Inventory is getting smaller, prices have dropped to very affordable levels and appear to be leveling off, and sales are getting busier each and every month. The sheer numbers of foreclosures are finally decreasing from their highs also. All of this data helps to paint a clear picture of what is happening in the Las Vegas real estate market. But let me also share with you some non scientific observations that we can add to the equation.

As a full time investor and a licensed realtor I am getting shut out of properties left and right. Most properties both low end (under $150,000) and higher end ($300,000 and up) are receiving multiple offers and are now selling for prices above the list price. I am amazed at the amount of traffic I am coming across when I go out to look at properties. Some homes are getting 15-20 offers in the first couple of days after listing. More than 90% of all my purchases this year have been cash deals and I am still getting rejections in some cases even when we are coming in with full price cash offers.

Well, my friends, the cat is now out of the bag. Everyone now knows that Las Vegas real estate is cheap. Homes are well below replacement costs as the average foreclosed home is selling for around $78 a square foot. I just closed this week on a 2221 square foot home for $117,000 or $52 a square foot. It took nearly a month to negotiate this one down. Homes and condos are 50-75% off their highs and people are buying everything in sight. The good old days are back again. And, for the record, even if I am off slightly in my evaluation and we drop another 10% or so, it is still the best time to be buying real estate in Las Vegas. We have historically low interest rates of around 5%, great government incentives, especially for first time buyers with the $8,000 chameleon-like tax credit, and new lower comparable sales to justify banks accepting your lowball offers.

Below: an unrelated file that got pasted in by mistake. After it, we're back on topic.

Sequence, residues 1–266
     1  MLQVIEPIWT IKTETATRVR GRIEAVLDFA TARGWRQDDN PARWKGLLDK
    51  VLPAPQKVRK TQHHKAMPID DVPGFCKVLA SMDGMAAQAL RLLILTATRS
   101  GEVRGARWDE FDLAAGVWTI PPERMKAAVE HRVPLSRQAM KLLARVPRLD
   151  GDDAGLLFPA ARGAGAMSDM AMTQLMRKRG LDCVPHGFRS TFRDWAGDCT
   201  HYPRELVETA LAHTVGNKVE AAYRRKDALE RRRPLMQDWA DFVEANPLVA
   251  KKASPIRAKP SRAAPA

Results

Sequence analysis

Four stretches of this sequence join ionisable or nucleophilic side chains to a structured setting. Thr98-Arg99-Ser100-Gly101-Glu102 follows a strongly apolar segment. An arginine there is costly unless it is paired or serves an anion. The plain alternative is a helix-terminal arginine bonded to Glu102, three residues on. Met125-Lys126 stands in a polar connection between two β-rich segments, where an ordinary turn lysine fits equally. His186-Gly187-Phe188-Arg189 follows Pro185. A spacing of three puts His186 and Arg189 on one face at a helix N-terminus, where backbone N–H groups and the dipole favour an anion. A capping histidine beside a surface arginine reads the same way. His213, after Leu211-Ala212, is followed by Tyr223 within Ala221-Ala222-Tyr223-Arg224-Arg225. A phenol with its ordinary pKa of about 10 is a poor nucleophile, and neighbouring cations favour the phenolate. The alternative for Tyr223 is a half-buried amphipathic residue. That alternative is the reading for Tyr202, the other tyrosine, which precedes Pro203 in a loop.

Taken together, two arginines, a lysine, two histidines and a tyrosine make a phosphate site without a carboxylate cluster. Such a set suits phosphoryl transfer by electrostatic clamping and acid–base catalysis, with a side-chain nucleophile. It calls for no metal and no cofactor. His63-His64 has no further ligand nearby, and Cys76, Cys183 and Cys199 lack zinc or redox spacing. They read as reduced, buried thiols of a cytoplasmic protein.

So if we have hit the bottom…as I suggest…how long will we be here? Will the market spike up or slowly trudge along the bottom until the economy as a whole begins to recover? I will explore those thoughts in more detail in my next article.

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How to Profitably Invest in Foreclosures

Within the realm of real estate investing, each type of investment (foreclosures, fixers, land, REITs, etc) has its good and bad times to buy. To be a successful investor you need to be able to identify not only which type of investment is the best at any given time but also which sub-category within that investment type you should look to specialize in, and when in the market cycle to buy.